"We are in some kind of zone that they respect," says Hallman of local gang members. "I think a lot of it has to do with the fact that these are neighborhood kids, and they understand what happens here and the people who are involved. They know the people inside really do care about the community."

There does seem to be something special about the rec center, one of the few bright spots in the area. A massive renovation and renaming in 2000 seemed to increase the potential for a place that had already churned out superstars like local kid turned NBA All-Star Chauncey Billups. The Colorado Flyers, its celebrated track program, boasts many statewide track records. Now the Flyers have grown to include a volleyball program -- one of the few in the inner city -- that's taking the Colorado storm. There are many other success stories here, too, from packed basketball courts to a thriving senior community to the Denver Grays, a new baseball programmed named after one of the old Negro League teams.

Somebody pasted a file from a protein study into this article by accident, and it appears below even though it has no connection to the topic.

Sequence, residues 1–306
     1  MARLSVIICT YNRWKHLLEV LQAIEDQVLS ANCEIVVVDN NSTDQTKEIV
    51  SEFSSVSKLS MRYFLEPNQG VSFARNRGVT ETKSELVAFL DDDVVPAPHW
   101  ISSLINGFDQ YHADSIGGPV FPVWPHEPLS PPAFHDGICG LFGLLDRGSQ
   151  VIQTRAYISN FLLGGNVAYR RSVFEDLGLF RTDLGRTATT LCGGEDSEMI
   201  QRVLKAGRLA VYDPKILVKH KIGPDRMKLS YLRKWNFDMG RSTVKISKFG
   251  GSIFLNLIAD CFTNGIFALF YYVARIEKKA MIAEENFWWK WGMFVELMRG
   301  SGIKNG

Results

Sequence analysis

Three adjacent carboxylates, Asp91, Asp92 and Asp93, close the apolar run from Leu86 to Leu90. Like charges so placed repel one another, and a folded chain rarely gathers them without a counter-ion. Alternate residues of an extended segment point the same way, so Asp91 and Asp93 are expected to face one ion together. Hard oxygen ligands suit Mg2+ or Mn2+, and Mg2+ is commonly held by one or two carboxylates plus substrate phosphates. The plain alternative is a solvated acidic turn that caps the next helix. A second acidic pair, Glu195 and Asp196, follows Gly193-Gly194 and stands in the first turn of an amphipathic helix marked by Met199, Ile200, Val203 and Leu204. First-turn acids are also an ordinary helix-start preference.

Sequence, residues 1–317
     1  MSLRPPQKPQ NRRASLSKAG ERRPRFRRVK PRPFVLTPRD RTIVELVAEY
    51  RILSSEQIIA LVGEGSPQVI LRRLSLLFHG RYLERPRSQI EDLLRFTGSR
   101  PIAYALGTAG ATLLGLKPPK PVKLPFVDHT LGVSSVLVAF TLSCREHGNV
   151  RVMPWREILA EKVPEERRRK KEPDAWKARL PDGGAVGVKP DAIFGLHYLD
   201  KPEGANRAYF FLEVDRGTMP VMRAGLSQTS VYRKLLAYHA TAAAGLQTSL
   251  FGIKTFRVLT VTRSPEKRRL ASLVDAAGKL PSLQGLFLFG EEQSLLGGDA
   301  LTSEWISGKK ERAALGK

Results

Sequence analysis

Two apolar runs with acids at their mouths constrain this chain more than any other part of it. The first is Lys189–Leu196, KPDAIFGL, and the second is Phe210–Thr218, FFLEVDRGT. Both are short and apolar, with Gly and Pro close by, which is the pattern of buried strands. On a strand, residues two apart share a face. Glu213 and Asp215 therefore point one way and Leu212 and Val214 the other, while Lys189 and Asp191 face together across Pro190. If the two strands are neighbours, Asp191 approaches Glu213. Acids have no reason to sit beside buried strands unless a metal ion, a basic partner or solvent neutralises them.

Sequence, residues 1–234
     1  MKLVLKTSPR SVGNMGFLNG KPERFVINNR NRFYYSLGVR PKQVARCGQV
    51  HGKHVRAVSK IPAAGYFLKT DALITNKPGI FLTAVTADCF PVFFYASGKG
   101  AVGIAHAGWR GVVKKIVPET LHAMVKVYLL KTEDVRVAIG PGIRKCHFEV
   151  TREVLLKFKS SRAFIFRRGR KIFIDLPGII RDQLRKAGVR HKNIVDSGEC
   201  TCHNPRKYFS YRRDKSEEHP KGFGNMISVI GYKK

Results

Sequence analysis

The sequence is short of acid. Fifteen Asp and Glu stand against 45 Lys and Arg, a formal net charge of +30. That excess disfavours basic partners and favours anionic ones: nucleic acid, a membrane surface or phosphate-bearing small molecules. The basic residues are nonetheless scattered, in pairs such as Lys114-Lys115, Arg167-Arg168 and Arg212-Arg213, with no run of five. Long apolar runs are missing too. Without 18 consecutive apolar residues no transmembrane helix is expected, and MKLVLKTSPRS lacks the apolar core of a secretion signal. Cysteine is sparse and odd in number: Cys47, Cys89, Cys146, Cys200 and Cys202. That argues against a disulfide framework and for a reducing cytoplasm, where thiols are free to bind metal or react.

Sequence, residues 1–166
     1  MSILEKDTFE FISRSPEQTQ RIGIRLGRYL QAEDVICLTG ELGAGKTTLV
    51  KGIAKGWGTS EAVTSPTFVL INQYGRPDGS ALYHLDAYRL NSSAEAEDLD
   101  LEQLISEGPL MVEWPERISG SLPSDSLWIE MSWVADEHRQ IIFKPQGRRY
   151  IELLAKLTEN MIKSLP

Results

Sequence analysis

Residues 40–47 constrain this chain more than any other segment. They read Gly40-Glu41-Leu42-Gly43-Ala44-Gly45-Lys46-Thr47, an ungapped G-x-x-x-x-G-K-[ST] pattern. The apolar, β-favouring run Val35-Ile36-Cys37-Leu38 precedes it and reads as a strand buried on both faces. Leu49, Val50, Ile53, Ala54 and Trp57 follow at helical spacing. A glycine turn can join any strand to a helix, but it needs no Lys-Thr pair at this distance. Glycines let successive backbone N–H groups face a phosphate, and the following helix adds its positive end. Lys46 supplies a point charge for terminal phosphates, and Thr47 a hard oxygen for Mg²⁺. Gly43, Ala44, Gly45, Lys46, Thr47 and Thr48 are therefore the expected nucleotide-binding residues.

While Hallman is proud of the neighborhood opportunities the rec center provides, he wishes the city would do more to insure northeast Park Hill had more resources like Hiawatha. "It's discouraging to see the disproportionate funding," he says. "You see this huge, top-of-the-line, state-of-the-art facility they are going to be building in Stapleton, with probably no additional funds coming in around here. When you talk about equity, that has to have meaning. To me, this rec center is one of the few things around here that provides an equitable resource for the community."

Deloris Wilson, property owner